In 1544 the London Assay Office was allowed to adopt the leopard’s head as its mark, to distinguish it from the other assay offices which were to be established in England. The device features on the Company’s arms, and has been incorporated into the gateway to the former churchyard of St John Zachary on Gresham Street, across from the Hall. The other three remaining Assay Offices in the United Kingdom are identified by the anchor (Birmingham), the Yorkshire rose (Sheffield) and the castle (Edinburgh).
True or False?
The ability or otherwise to assess authenticity defines the portrayal of the goldsmith in the City comedies of the Shakespearean period, as is illustrated by Touchstone, the goldsmith at the heart of Eastward Ho! This comedy dates from 1605, and was co-authored by Ben Jonson, George Chapman and John Marston (it was usual for plays of the period to be co-written by two or more authors).
Touchstone’s name invokes an assaying tool which has been used since ancient times: a small tablet of stone such as slate which takes a visible trace when stroked with a soft metal such as gold. This trace can be tested to reveal how pure the gold is, and indeed whether it is actually genuine. Thus, early in the play, Touchstone is able to assess the respective worth of his two apprentices, Quicksilver and Golding.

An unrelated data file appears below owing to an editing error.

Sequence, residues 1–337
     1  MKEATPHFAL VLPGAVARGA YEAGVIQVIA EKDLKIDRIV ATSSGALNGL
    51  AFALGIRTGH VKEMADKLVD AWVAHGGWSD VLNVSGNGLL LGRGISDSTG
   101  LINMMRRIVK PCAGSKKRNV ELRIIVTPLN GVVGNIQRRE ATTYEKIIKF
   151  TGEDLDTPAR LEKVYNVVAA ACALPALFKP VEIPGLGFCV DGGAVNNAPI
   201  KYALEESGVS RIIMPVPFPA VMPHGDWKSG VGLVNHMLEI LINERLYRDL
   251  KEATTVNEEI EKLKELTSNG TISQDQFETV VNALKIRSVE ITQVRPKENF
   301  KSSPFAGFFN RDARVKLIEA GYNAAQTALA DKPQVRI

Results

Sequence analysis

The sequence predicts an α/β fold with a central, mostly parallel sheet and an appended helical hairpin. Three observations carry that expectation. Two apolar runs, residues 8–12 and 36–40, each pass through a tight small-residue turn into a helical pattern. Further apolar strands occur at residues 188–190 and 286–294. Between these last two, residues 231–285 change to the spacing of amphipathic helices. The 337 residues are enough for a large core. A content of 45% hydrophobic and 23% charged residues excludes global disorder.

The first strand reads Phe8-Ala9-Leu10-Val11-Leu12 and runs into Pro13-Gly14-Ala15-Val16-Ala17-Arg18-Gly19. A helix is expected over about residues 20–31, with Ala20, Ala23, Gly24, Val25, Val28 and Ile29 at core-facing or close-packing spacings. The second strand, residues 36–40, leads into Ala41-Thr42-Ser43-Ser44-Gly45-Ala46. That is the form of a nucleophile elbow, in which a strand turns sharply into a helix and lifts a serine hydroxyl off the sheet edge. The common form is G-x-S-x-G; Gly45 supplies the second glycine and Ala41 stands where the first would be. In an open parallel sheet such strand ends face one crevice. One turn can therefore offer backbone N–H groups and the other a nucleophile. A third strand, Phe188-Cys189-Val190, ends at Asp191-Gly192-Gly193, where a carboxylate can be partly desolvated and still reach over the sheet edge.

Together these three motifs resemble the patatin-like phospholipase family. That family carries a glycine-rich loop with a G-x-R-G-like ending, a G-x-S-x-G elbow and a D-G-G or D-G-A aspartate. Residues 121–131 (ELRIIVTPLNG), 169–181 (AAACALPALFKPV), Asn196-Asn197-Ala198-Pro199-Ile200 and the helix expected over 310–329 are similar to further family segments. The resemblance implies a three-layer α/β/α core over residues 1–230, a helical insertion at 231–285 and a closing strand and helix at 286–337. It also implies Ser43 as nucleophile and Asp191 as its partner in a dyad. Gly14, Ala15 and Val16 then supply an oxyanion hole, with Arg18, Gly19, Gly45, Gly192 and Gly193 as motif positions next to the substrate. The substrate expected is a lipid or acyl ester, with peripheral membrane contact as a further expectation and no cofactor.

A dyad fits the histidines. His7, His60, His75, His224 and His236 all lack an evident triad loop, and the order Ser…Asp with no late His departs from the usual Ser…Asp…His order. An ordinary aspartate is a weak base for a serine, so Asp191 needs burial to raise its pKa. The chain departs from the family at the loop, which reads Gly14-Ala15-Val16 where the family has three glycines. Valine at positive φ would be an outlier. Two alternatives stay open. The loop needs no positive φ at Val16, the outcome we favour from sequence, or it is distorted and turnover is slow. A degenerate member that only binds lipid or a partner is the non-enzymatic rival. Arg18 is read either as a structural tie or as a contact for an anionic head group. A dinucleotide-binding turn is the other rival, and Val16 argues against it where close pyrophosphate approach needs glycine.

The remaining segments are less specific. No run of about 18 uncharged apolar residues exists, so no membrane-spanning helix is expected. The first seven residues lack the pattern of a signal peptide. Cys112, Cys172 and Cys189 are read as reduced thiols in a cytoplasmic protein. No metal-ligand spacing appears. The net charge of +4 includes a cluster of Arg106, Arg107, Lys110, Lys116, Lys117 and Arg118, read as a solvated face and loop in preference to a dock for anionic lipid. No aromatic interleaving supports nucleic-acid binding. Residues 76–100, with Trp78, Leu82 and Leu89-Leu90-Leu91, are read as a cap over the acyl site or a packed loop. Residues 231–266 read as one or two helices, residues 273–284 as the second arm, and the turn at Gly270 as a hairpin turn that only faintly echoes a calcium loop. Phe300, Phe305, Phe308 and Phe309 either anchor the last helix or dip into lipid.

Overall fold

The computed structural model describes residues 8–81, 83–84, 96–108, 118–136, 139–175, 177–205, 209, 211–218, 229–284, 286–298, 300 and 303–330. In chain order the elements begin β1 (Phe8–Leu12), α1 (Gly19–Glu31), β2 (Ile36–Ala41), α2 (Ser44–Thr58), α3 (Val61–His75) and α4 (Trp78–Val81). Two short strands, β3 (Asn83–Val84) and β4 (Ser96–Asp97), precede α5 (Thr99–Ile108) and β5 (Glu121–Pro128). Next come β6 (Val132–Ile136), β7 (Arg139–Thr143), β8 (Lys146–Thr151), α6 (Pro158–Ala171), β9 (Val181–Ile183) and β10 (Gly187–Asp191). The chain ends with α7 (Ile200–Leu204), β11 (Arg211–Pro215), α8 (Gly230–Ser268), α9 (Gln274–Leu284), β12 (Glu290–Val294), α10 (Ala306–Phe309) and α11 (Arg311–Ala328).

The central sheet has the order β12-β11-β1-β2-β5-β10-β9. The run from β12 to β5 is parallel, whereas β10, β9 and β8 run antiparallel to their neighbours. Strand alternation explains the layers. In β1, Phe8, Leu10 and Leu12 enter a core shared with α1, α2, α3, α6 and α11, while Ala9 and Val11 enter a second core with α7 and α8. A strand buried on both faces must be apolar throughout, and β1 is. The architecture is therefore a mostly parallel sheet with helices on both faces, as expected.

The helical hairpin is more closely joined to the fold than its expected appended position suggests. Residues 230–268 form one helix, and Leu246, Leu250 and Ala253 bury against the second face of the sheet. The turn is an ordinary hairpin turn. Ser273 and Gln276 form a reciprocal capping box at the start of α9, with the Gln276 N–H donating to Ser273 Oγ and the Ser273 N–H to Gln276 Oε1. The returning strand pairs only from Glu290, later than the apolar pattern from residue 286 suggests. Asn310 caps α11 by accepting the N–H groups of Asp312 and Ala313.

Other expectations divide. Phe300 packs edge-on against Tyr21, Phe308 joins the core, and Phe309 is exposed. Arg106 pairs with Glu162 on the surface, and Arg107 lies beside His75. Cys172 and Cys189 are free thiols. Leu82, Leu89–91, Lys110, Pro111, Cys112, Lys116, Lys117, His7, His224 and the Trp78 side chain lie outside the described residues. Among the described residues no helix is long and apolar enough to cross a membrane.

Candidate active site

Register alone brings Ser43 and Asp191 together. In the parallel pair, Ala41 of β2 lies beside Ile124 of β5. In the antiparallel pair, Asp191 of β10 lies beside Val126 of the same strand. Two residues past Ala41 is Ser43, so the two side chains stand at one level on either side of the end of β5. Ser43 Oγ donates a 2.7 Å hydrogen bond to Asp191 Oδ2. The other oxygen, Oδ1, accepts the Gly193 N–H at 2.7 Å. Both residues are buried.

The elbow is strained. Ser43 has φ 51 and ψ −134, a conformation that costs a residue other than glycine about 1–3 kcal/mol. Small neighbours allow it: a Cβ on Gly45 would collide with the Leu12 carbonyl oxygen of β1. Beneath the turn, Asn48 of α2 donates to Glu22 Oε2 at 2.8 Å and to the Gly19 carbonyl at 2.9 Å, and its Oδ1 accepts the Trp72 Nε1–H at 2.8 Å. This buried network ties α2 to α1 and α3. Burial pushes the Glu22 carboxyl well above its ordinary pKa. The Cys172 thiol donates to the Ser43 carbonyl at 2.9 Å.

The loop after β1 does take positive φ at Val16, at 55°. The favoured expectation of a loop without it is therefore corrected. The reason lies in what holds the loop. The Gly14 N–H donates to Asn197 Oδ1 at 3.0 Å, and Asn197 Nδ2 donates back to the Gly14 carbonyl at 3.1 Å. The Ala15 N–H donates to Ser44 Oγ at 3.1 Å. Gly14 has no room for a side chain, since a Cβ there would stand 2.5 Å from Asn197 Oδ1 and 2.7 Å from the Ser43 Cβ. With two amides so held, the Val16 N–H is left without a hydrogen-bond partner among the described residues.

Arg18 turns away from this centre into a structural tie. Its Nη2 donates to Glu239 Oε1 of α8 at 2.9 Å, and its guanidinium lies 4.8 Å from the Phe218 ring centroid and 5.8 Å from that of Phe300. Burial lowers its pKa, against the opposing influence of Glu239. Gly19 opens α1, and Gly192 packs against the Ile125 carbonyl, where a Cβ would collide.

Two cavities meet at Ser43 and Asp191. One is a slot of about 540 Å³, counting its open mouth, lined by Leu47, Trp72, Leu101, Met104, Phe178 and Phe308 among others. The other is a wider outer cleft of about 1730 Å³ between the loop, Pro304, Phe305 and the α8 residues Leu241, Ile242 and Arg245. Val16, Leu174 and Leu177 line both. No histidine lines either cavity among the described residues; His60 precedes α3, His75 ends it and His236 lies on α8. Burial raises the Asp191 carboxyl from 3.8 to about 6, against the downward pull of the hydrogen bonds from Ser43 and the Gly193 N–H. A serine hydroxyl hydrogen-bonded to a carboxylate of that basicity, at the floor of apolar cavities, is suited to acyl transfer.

By contrast, the goldsmith at the centre of Thomas Middleton’s 1613 comedy A Chaste Maid in Cheapside is easily deceived.
In the days before plating with gold (or silver) had been developed, the usual technique used to make items look like gold was to gild them. A piece of gold would be hammered out until a very fine foil, which could be applied to an item of a less valuable metal. Most frequently this would be silver, which was then called silver gilt, but the technique could be applied to bronze. Indeed the same technique could be used on wood, as in the manufacture of picture frames.